So it doesn't matter so much what the neurons are made of. It's how they're organized and wired together.
Correct. Unless you believe in some magic substance attached to our brain that exudes consciousness, which certainly no scientist believes, then what
matters is not the stuff the brain is made of, but the relationship of that stuff to each other. It's the fact that you have these neurons and they
interact in very complicated ways. In principle, if you could replicate that interaction, let's say in silicon on a computer, you would get the same
phenomena, including consciousness.
Are you saying the Internet could become conscious, or maybe already is conscious?
That's possible. It's a working hypothesis that comes out of artificial intelligence. It doesn't matter so much that you're made out of neurons and bones
and muscles. Obviously, if we lose neurons in a stroke or in a degenerative disease like Alzheimer's, we lose consciousness. But in principle, what matters
for consciousness is the fact that you have these incredibly complicated little machines, these little switching devices called nerve cells and synapses,
and they're wired together in amazingly complicated ways. The Internet now already has a couple of billion nodes. Each node is a computer. Each one of
these computers contains a couple of billion transistors, so it is in principle possible that the complexity of the Internet is such that it feels like
something to be conscious. I mean, that's what it would be if the Internet as a whole has consciousness. Depending on the exact state of the transistors in
the Internet, it might feel sad one day and happy another day, or whatever the equivalent is in Internet space.
You're serious about using these words? The Internet could feel sad or happy?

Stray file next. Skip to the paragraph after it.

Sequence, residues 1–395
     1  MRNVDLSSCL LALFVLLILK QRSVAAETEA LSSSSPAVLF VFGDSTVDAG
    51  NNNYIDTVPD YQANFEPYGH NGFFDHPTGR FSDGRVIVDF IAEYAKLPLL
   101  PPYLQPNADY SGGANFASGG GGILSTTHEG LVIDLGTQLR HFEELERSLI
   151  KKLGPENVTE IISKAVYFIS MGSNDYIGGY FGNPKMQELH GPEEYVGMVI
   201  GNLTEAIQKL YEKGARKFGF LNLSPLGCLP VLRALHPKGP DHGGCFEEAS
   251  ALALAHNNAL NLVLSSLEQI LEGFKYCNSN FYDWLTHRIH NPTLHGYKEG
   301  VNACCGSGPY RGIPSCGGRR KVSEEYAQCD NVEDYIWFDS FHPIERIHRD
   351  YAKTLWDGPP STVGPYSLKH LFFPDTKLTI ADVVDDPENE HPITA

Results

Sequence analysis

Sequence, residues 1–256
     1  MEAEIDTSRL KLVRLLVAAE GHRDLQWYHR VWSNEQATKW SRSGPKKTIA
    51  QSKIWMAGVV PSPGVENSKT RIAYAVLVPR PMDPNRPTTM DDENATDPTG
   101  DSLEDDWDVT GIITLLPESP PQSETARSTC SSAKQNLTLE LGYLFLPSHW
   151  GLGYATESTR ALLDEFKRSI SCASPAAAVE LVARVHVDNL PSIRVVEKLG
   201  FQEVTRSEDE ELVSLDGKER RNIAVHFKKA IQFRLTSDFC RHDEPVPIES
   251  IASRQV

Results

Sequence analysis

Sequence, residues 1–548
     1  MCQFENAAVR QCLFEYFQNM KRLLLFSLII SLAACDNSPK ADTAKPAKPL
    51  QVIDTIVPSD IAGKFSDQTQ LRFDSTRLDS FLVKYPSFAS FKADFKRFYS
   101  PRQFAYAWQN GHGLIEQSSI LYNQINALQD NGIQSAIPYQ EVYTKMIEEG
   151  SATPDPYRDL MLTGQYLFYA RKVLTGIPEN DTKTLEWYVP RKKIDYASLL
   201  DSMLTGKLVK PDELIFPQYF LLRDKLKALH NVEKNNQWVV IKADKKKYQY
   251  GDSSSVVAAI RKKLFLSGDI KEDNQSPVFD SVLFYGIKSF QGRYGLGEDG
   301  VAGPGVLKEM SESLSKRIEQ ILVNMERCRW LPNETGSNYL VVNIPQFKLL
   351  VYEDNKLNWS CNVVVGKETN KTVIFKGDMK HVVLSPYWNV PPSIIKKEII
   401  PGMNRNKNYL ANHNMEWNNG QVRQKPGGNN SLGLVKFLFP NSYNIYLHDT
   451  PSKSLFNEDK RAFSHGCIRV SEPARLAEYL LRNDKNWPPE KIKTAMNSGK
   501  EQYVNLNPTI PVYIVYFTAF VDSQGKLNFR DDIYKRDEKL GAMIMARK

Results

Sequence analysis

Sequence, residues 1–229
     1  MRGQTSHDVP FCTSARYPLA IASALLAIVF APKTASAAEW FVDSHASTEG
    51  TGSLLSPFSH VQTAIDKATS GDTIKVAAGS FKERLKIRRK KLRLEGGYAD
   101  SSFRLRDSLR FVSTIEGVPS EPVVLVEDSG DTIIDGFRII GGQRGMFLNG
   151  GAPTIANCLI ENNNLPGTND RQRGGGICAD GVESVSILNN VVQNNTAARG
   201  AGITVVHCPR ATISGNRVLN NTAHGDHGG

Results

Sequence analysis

What I'm serious about is that the Internet, in principle, could have conscious states. Now, do these conscious states express happiness? Do they express
pain? Pleasure? Anger? Red? Blue? That really depends on the exact kind of relationship between the transistors, the nodes, the computers. It's more
difficult to ascertain what exactly it feels. But there's no question that in principle it could feel something.
Would humans recognize that certain parts of the Internet are conscious? Or is that beyond our understanding?
That's an excellent question. If we had a theory of consciousness, we could analyze it and say yes, this entity, this simulacrum, is conscious. Or because
it displays independent behavior. At some point, suddenly it develops some autonomous behavior that nobody programmed into it, right? Then, people would
go, "Whoa! What just happened here?" It just sort of self-organized in some really weird way. It wasn't a bug. It wasn't a virus. It wasn't a botnet that
was paid for by some nefarious organization. It did it by itself. If this autonomous behavior happens on a regular basis, then I think many people would
say, yeah, I guess it's alive in some sense, and it may have conscious sensation.